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Tarzan of the Apes Edgar Rice Burroughs

"King of the Apes"

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It was not yet dark when he reached the tribe, though he stopped to exhume and devour the remains of the wild boar he had cached the preceding day, and again to take Kulonga's bow and arrows from the tree top in which he had hidden them.

It was a well-laden Tarzan who dropped from the branches into the midst of the tribe of Kerchak.

With swelling chest he narrated the glories of his adventure and exhibited the spoils of conquest.

Kerchak grunted and turned away, for he was jealous of this strange member of his band. In his little evil brain he sought for some excuse to wreak his hatred upon Tarzan.

The next day Tarzan was practicing with his bow and arrows at the first gleam of dawn. At first he lost nearly every bolt he shot, but finally he learned to guide the little shafts with fair accuracy, and ere a month had passed he was no mean shot; but his proficiency had cost him nearly his entire supply of arrows.

The tribe continued to find the hunting good in the vicinity of the beach, and so Tarzan of the Apes varied his archery practice with further investigation of his father's choice though little store of books.

It was during this period that the young English lord found hidden in the back of one of the cupboards in the cabin a small metal box. The key was in the lock, and a few moments of investigation and experimentation were rewarded with the successful opening of the receptacle.

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In it he found a faded photograph of a smooth faced young man, a golden locket studded with diamonds, linked to a small gold chain, a few letters and a small book.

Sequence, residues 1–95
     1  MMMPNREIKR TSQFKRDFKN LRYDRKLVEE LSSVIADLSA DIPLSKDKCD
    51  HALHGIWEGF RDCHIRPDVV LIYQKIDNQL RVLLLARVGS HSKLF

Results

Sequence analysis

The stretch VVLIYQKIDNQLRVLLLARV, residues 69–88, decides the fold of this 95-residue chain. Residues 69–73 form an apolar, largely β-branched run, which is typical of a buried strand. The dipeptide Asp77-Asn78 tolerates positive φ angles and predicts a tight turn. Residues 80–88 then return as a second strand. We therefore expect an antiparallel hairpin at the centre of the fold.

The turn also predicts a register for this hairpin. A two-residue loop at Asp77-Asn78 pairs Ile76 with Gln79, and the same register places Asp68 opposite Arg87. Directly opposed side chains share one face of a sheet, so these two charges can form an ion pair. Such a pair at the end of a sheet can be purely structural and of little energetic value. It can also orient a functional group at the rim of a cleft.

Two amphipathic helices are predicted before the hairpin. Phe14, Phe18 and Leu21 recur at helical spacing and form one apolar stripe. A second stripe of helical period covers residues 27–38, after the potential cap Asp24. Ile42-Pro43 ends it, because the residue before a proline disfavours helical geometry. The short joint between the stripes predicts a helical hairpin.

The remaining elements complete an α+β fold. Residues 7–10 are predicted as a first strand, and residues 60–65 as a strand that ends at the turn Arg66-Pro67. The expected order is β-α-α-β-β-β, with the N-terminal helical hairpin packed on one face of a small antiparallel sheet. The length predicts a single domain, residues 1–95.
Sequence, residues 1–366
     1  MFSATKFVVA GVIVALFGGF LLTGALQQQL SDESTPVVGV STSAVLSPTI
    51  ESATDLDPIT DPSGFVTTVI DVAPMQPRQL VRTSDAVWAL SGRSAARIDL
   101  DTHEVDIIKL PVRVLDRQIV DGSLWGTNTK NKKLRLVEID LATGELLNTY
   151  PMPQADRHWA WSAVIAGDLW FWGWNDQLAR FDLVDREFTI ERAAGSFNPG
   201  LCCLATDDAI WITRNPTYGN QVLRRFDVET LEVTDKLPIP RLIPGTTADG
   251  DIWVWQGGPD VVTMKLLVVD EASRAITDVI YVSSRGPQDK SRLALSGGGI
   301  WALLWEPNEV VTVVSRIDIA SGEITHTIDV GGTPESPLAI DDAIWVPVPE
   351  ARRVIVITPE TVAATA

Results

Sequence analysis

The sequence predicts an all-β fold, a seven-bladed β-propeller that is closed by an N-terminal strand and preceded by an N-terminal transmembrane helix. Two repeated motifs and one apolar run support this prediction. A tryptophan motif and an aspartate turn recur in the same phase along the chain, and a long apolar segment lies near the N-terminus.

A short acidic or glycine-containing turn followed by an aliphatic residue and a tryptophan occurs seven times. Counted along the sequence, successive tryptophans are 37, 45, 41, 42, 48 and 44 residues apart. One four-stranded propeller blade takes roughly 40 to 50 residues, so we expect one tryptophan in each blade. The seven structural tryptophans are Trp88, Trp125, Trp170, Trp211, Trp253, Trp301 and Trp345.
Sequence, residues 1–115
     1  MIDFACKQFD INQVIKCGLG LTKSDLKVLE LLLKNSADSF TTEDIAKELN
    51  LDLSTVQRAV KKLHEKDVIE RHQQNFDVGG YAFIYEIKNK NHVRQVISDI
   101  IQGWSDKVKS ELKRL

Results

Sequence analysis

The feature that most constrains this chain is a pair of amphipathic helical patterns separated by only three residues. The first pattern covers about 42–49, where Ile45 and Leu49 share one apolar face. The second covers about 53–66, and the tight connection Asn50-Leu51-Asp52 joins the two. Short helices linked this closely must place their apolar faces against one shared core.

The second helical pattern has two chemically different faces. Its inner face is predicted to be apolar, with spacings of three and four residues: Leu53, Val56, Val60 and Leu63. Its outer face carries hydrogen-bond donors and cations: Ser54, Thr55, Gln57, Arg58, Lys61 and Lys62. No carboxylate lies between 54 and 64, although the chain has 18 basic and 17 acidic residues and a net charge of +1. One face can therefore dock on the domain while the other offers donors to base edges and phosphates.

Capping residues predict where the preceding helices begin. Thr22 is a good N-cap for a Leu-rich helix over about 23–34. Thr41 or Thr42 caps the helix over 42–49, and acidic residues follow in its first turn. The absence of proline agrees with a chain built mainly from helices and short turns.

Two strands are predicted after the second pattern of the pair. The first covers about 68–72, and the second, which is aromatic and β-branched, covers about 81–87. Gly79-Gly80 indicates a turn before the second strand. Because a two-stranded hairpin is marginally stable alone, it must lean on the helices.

Tarzan examined these all minutely.

The photograph he liked most of all, for the eyes were smiling, and the face was open and frank. It was his father.

The locket, too, took his fancy, and he placed the chain about his neck in imitation of the ornamentation he had seen to be so common among the black men he had visited. The brilliant stones gleamed strangely against his smooth, brown hide.

The letters he could scarcely decipher for he had learned little or nothing of script, so he put them back in the box with the photograph and turned his attention to the book.

This was almost entirely filled with fine script, but while the little bugs were all familiar to him, their arrangement and the combinations in which they occurred were strange, and entirely incomprehensible.

Tarzan had long since learned the use of the dictionary, but much to his sorrow and perplexity it proved of no avail to him in this emergency. Not a word of all that was writ in the book could he find, and so he put it back in the metal box, but with a determination to work out the mysteries of it later on.

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Tarzan of the Apes
Edgar Rice Burroughs

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